'How to Survive a Plague' Director David France Looks Back: 'All I See Are Ghosts'
Oscar-Nominated Doc 'How To Survive A Plague' to Become ABC Miniseries (Exclusive)
David France fought for over a decade to make the world care about AIDS. Now, he's making sure it doesn't forget.
A journalist living in New York City's East Village when the mysterious epidemic began to slaughter the gay community in 1981, France dedicated himself to chronicling the nascent fight to find a cure for the plague. First, however, the community needed to organize and rise up to fight the homophobia of the times, coming out of the closet onto the national stage to speak out and demand recognition for their rights, both civil and medical. He covered the emergence of ACT UP, a community organization which took to the streets in marches and protests, raising the profile of the victims as the disease continued to tear through the nation.
Millions were dying, and fear was gripping the city, but it took years for President Ronald Reagan to acknowledge the disease, and it first became a real campaign issue in the 1992 election. A few years later, medical advances would begin to help stem the rushing tide of illness. In his Oscar-nominated documentary How to Survive a Plague, France looks back on the fight through vintage footage and interviews, highlighting the activists as never before.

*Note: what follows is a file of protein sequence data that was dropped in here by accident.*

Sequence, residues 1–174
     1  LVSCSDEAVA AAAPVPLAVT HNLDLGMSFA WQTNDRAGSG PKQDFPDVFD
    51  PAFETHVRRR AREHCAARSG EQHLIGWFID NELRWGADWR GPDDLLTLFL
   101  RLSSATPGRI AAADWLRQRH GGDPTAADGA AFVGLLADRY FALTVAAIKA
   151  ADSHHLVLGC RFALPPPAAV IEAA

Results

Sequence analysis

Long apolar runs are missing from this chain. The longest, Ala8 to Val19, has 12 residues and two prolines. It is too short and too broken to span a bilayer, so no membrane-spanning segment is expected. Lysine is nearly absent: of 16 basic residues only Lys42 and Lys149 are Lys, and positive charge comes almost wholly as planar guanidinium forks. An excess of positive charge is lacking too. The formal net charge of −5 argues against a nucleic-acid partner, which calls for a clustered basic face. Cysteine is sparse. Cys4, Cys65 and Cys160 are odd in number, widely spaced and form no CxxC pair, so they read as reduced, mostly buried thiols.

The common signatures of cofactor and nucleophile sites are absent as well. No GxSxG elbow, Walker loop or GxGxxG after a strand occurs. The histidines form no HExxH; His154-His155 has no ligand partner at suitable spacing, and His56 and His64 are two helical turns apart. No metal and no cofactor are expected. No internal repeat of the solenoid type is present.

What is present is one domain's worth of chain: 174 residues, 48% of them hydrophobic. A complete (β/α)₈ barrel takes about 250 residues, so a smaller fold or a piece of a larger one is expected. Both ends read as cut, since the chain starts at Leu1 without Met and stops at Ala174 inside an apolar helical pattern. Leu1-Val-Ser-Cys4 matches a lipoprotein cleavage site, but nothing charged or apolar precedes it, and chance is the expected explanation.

This interview has been slightly edited and condensed
THR: I think I wasn’t aware of the details of the fight against AIDS and the rise of gay activism as much as other civil rights movements, and this was much more recent. Do you think it gets short-changed at all, in terms of public discussion?
France: Oh, absolutely. That’s why we set out to do this project in the first place. It’s as significant a movement as the women’s health movement, the Civil Rights movement, the anti-war movement. It’s more fundamentally transformative than those movements, and yet it has so far not been treated with that kind of significance. And the first thing I wanted to do when I started working on the film was to put it on the shelf with those great American social justice movements and teach people how significant it was for American lives, to canonize it.
THR: I live in the East Village of Manhattan and hang out downtown, and you don’t think of where you are as historical ground, but that’s actually the case.
France: Absolutely, and especially where you are, the Village. I’m still in the same place as I was back then. I guess my lease is as old as you. I’m on 7th Street, and I just look around and see ghosts in the East Village.
THR: And it’s changed so much, the neighborhood.
France: All of those people in the film were from the East Village, and the majority of the street forces that were in ACT UP were East Village artists and bohemians, and people living self-styled lives [who] found a way to afford to be able to do it, spend all that time that it took, to be basically a full-time, unpaid political operative.